When dancer Katherine Disenhof found out her company, NW Dance Project, would be shutting down indefinitely due to the coronavirus pandemic (on Friday the 13th, no less), she immediately went in search of ways to stay connected and in shape.
At that point, a few virtual class opportunities had emerged, so Disenhof decided to aggregate them on an Instagram account called Dancing Alone Together.
She launched the account that Monday, and by mid-week she'd also created a website. Now, just a few weeks later, Dancing Alone Together has 22K followers—and virtual classes are more than just a growing trend, but a phenomenon that has reshaped the dance world at an unprecedented speed.
Burmann working with Wendy Whelan at Steps. Photo by Kyle Froman.
Over the last 36 years, scores of dancers passed through Wilhelm Burmann's studio doors at Steps on Broadway in New York City. Burmann, who went by "Willy," welcomed everyone—from huge dance stars to young students with huge dreams. He also welcomed adult students seeking to improve their technique and even students just taking ballet class for exercise.
On Tuesday, March 31, he died of renal failure after his treatment was complicated by the coronavirus, and the dance world lost a beloved teacher and coach.
We're living in unprecedented times, and for many of us, that means unprecedented screen time. (So please cool it with your Screen Time notifications, Apple.)
For dancers used to moving their bodies and working collaboratively, social distancing at home can come with particular challenges—not to mention the fact that many dance artists are out of work and losing income.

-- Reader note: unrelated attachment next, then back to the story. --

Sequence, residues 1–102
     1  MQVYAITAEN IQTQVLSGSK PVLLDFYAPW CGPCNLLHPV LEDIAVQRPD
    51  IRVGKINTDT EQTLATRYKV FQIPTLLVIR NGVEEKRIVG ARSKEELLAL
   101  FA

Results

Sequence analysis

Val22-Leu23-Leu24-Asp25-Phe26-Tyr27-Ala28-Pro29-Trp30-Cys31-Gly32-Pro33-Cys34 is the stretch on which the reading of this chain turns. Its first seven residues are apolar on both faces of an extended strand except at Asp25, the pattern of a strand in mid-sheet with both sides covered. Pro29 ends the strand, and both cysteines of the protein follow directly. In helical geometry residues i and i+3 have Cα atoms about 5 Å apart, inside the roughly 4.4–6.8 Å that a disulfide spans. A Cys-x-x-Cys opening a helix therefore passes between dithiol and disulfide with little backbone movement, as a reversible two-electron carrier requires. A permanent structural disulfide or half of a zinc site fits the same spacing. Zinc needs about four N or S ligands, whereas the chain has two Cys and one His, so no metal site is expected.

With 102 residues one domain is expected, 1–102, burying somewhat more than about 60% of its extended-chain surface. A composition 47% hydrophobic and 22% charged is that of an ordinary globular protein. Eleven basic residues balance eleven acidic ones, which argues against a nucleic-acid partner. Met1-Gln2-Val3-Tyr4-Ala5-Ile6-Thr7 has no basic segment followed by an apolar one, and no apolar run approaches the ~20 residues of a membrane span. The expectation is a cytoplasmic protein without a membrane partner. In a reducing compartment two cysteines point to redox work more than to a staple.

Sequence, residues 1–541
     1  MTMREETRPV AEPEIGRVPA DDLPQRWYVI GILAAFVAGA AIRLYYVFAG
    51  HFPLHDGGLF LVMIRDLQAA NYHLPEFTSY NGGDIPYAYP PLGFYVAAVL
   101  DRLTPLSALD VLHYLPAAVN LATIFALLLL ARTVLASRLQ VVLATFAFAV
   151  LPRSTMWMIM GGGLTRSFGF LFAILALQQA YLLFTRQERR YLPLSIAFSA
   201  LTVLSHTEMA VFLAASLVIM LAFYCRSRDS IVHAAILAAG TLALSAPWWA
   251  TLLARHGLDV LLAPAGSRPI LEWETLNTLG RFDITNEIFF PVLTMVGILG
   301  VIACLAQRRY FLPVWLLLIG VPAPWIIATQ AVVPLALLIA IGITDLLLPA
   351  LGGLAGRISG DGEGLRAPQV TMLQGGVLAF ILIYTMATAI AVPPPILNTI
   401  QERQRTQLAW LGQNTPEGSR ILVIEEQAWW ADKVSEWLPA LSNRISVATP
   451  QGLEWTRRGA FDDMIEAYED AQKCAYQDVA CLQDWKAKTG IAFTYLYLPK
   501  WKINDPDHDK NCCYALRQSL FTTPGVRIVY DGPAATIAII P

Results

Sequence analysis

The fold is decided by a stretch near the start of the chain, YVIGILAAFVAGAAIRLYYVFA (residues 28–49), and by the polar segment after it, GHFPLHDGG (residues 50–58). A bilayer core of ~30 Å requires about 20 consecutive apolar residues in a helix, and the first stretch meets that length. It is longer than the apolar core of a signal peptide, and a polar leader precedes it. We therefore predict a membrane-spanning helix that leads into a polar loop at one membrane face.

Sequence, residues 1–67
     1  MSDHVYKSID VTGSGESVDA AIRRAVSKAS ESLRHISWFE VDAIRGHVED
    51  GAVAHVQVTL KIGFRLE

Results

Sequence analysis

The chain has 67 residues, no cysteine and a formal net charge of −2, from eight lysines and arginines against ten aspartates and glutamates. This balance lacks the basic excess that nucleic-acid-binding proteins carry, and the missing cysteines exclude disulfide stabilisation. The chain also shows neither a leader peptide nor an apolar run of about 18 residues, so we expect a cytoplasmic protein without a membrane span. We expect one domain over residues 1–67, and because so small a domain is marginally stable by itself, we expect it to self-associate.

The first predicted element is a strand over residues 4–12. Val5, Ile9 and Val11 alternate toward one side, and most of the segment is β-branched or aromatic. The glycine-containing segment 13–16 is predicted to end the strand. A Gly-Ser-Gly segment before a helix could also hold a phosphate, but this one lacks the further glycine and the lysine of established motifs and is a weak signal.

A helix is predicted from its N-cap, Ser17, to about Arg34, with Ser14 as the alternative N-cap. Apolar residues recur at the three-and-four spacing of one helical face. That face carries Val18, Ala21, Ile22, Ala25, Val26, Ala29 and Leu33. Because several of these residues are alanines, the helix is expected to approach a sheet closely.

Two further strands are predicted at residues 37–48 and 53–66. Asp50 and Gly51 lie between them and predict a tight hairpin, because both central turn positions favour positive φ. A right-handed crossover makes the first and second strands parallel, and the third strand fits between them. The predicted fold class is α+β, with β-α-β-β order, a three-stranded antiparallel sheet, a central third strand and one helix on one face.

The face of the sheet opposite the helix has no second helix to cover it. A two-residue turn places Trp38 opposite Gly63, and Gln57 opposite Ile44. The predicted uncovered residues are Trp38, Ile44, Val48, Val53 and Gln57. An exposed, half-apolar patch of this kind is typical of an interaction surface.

We rounded up the best apps to make this difficult period a bit easier—whether you need a distraction, a workout, a meditation or some inspiration:
As Broadway goes dark and performances are canceled across the country, the financial repercussions of a global pandemic have gone from hypothetical to very real. This is especially true in the dance community, where many institutions are nonprofits or small businesses operating on thin margins, and performers rely on gigs that are being canceled. It's a scary and uncertain time.
Just because "social distancing" means your classes got canceled, your training doesn't need to stop. Some studios are livestreaming their classes to students. Some dancers are giving themselves kitchen-counter barre. But there are also several online classes that can keep your technique sharp from home. Check out these seven options:
Hi there, dance friends. I'm the editor in chief of Dance Spirit and content director of The Dance Edit newsletter. And I'm here with a bit of news sure to excite dancers, dance enthusiasts, and other assorted dance obsessives: The Dance Edit is launching a podcast!
Join me and other editors from Dance Magazine, Dance Spirit, and Pointe for The Dance Edit Podcast, a weekly roundtable discussion of the top stories moving and shaking (not sorry) the dance world. Beginning March 5th, we'll get you up to tempo (also not sorry) in about 15 minutes every Thursday morning.